The intent is clear and admirable. The content standards are proclamations that should ensure teachers that their students have the skills and knowledge they need to be successful at each stage of learning. However, the vastness of them; the complex nature of them at every developmental learning stage; the disregard for different learning abilities (heavens – let’s not discriminate) makes monitoring of the yearly mastery of these standards horrendous for our special students with severe emotional disturbances. Our special education students, as part of their IEP, typically have some but not all of the grade level standards in their yearly plans. The question begs to be asked: Why would we presume to test them on a standardized test which measures vast numbers of markers to which they have not been introduced. The CCSS do not prescribe the curriculum, instructional practices, the materials or the texts teachers use to assist students through the learning process. However, our special students don’t necessarily (nor do they usually) make those gains within the one year as prescribed. For example, by the end of first grade students should be able “to write an opinion essay in which they introduce the topic or book name they are writing about, state an opinion, supply a reason for the opinion, and provide a sense of closure (CCSS W.1.1).” The adoption of this standard does not usurp the instruction of creatively teaching our students to write in complete sentences or discern the difference between fact and opinion. In fact, providing a focus for learning and a goal, however lofty, and every level throughout our students’ education is profoundly necessary.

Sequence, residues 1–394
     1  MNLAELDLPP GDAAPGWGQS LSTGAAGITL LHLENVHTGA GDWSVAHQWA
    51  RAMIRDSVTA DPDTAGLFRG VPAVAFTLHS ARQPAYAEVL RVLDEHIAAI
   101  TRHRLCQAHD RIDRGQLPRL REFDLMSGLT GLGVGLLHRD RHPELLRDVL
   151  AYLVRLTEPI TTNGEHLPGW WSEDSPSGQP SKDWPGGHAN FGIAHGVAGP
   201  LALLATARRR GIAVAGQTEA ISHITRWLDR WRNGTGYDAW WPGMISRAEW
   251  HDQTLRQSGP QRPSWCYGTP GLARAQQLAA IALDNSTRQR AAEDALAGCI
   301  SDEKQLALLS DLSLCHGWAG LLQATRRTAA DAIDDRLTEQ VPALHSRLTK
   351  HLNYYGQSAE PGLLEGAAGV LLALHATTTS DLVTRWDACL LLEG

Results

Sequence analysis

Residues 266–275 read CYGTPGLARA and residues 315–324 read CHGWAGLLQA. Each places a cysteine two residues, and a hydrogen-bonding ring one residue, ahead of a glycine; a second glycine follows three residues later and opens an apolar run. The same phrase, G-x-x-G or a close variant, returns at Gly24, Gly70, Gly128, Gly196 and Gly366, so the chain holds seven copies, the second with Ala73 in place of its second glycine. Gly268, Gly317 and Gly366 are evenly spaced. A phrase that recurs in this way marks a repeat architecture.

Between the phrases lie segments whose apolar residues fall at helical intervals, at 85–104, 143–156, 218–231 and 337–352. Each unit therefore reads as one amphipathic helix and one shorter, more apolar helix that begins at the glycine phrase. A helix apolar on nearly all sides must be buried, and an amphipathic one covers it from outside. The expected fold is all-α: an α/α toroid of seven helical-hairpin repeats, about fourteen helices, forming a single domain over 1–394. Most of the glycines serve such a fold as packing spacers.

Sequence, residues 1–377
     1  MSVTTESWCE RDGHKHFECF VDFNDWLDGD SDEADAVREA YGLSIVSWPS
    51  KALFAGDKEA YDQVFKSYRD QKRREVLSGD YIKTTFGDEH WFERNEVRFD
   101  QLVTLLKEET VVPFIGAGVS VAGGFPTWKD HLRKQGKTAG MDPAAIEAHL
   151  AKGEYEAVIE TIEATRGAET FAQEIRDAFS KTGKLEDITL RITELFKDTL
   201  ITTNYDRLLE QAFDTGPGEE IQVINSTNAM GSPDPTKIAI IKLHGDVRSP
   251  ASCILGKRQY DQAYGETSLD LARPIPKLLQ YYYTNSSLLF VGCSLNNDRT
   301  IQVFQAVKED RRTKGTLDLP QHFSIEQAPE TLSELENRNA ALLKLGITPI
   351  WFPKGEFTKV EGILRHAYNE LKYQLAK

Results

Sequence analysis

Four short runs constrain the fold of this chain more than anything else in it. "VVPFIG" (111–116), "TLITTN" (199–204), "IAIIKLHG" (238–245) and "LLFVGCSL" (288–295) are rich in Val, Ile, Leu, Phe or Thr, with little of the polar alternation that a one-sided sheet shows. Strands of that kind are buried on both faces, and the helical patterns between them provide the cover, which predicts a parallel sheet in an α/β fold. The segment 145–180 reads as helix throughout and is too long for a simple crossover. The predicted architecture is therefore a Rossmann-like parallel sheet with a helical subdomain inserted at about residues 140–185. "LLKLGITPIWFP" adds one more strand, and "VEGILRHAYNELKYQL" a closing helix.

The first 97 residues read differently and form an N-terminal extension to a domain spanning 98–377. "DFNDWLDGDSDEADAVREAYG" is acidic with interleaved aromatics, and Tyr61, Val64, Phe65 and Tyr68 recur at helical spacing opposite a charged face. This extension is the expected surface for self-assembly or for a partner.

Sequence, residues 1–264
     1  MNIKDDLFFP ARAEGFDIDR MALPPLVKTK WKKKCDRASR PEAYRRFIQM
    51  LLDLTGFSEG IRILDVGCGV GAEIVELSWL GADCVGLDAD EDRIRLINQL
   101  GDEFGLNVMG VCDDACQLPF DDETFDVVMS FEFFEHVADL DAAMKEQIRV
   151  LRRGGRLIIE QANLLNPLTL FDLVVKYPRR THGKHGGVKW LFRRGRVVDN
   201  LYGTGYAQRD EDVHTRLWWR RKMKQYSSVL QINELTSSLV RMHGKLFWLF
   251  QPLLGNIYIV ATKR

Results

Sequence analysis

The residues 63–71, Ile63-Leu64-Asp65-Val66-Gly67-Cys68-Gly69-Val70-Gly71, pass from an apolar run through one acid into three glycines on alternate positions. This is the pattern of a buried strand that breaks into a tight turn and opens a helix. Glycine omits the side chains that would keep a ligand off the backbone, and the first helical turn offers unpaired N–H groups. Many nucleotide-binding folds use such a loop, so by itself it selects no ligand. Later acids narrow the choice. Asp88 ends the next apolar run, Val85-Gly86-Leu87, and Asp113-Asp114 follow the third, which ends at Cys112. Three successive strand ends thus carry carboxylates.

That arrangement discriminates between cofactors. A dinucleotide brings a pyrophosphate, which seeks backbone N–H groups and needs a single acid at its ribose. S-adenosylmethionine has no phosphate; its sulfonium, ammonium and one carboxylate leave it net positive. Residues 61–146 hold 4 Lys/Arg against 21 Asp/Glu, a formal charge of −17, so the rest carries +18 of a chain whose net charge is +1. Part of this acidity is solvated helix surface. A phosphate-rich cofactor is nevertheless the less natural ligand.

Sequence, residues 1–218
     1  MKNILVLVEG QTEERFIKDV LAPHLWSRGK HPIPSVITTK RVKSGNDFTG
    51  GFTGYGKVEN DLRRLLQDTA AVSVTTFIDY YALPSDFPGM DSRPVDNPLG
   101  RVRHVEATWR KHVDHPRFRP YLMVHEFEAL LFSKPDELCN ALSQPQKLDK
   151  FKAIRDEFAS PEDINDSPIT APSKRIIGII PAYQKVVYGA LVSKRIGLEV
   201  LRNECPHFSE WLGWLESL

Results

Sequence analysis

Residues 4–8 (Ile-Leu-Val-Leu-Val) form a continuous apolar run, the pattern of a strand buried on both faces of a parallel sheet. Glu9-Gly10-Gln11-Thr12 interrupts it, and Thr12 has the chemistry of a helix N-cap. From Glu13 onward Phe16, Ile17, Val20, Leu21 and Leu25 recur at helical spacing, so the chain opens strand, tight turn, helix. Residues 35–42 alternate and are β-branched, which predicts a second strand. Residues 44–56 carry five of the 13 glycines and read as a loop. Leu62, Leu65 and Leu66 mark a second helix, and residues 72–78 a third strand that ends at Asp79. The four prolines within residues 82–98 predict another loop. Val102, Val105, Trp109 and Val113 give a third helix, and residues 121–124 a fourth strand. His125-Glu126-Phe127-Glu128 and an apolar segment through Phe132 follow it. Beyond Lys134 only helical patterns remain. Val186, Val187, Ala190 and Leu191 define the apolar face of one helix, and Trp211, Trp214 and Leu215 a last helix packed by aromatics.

The manner of assessment, by formative data, however is not promoting the equality that the state is longing for. High standards are now the calling card for college and careers; but once again, what sets the individual apart – the soft skills – is a summative measure. Our students’ ability to live and learn independently will not be measured by the Partnership for Assessment of Readiness for College and Careers. According to the Washington Post (June 27, 2014) “… Apparently, the [Department of Education] believes that more testing will help special education students achieve more in school. But since NCLB started, the standardized tests-based ‘accountability’ era more than a dozen years ago, there has been no evidence to show that standardized tests have improved student achievement…” If we are saying that the standards provide the goals and the curriculum provides the day to day objectives towards reaching those goals, with our students we are continually measuring their mastery of objectives towards goals which they may (or may not) meet. Why are we spending so much time testing the goals themselves? The training program needs to be evaluated and measured and monitored. The objectives measured and maintained and yes, the bar held high.
Today and tomorrow we only want success for our students. Given a dozen educators, parents, students, and politicians you may get quantitatively diverse ideas of how to achieve that for the child. Special education children, especially those with profound disabilities that leave them unable to access the curriculum readily deserve a quality look. The quick answer is alternate assessment. In reality, this occurs with little frequency. That same New Jersey law that provides for a free and appropriate education for our students mandates that “…most be tested in a standardized manner (N.J.A.C. 16A:14-14.1).” In a document that goes on for 165 pages to explain the needs for adjustments and adaptations in the world of special education, with individualized educational plans and specialized accommodations and modifications, standardized testing is something that serves us poorly.
Vicki Ofmani, MEd, LDT-C, is Supervisor/SLE Coordinator at The Forum School, located in Waldwick, NJ. She is also a Member of the Board of Trustees for The Daniel Jordan Fiddle Foundation in Ridgewood, NJ. For more information, please visit www.theforumschool.com or email firstname.lastname@example.org.